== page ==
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Bringing Big Data to War in Mega-Cities

DARPA Big Data

This article was originally published by War on the Rocks on 19 January 2016.

As the U.S. Army prepares for the future, it has become increasingly aware that operations are more and more likely to take place in large cities. The number and size of cities continues to grow, and they are quickly becoming the dominant form of human habitation. Belligerent actors, aware of the West’s growing anxieties about collateral damage, have good reason to place forces in or around cities. Further, advanced sensing and weapons systems employed by modern militaries make hiding in remote areas of the world less and less attractive to non-state enemies of advanced powers.

America’s enemies see the advantages of the seemingly impenetrable clutter that dominates the modern city. The Army’s current approach to learning about this environment is to seek the diamonds scattered amidst this clutter. What we are missing, though, is that the clutter itself is the jewel. Enormous amounts of readily available data can reveal more about a city, its population, and the nefarious actors residing there than we could have imagined before. To truly understand this environment the Army must fundamentally change its approach to understanding the environment: It must adopt a holistic approach enabled by big data analytics.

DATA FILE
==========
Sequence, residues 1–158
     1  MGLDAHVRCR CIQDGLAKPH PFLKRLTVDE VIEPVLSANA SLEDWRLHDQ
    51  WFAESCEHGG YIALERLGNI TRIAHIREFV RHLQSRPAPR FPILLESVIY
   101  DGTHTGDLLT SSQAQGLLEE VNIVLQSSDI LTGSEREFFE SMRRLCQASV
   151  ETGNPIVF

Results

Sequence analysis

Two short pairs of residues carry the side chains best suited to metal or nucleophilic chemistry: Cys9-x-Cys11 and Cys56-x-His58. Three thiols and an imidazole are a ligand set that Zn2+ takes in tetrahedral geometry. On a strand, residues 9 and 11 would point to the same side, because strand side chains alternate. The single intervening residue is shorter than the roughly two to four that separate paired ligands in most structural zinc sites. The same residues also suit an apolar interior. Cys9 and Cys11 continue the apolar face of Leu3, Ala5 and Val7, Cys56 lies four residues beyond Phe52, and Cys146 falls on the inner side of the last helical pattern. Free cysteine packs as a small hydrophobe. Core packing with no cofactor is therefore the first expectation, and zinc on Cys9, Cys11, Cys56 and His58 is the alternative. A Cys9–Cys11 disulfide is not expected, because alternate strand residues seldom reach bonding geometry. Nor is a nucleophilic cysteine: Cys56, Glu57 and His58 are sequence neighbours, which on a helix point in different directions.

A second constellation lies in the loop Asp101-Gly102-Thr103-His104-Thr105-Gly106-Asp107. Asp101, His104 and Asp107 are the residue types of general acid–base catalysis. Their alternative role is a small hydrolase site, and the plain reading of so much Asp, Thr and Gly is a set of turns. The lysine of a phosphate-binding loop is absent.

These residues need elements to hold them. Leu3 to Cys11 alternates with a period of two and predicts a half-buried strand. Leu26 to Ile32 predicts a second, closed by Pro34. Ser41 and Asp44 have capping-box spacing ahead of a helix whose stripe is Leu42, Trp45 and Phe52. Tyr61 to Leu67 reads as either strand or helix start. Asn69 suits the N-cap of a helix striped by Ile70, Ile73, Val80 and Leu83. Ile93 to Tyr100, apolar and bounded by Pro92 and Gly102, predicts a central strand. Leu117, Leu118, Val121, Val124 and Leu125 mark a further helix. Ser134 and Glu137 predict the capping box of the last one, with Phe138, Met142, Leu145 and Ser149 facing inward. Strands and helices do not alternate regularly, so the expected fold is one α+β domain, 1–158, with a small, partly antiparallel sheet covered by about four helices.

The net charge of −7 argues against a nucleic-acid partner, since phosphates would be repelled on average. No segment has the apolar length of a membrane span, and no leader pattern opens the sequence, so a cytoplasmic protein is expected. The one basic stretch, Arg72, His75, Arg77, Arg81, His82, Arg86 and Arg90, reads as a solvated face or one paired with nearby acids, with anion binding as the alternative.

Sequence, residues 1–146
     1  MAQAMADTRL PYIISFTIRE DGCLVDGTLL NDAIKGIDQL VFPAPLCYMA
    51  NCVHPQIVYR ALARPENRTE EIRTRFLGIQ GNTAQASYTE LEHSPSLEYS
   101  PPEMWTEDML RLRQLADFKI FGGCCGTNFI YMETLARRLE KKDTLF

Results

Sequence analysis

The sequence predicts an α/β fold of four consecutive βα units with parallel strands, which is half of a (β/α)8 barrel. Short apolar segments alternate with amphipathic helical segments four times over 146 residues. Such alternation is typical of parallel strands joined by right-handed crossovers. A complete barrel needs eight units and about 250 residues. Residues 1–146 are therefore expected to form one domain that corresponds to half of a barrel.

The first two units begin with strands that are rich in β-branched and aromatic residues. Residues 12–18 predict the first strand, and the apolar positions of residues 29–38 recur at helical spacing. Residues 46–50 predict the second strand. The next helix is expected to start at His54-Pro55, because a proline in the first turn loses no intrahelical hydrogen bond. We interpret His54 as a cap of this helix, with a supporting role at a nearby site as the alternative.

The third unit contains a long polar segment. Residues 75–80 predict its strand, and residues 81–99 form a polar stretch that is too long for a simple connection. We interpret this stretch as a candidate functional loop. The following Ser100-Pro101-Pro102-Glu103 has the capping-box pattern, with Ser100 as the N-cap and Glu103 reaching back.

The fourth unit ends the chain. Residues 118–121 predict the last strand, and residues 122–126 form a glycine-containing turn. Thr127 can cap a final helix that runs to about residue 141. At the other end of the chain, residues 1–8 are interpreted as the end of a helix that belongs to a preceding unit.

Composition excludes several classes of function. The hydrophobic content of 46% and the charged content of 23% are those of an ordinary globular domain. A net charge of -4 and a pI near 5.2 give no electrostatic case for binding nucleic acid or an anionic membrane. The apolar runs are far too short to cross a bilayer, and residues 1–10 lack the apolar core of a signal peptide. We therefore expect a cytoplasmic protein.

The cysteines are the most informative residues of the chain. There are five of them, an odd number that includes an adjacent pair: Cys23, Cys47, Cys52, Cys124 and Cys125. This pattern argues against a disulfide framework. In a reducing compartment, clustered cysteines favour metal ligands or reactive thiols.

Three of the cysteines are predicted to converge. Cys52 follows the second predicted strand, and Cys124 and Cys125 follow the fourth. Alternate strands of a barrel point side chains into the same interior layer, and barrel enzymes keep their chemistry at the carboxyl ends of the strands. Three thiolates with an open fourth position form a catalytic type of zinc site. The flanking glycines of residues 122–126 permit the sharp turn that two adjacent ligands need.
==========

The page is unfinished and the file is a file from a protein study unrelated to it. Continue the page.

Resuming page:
The Army, however, seems hesitant to embrace 21st-century data analysis, instead relying largely on the same micro-level methods it has used for decades.
This must change if the Army wishes to maintain the ability to “see first” and “understand first” in the modern urban arena.

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Big Data, ICTs and New Media in Times of Crisis

Photo: flickr/Michael Doherty

On March 28, the ISN hosted a Roundtable Discussion on “Big Data, ICTs and Social Media in Times of Crisis,” which featured Mr Sanjana Hattotuwa, who is both a TED Fellow and a Special Advisor to the ICT4Peace Foundation. Our purpose today is to share Mr Hattotuwa’s lively presentation, which among other things focuses on how web- and mobile-based media have enhanced our ability to respond to complex emergencies, and to participate in ‘organic’ political processes. The presentation is then augmented by the question and answer session that followed in its wake.

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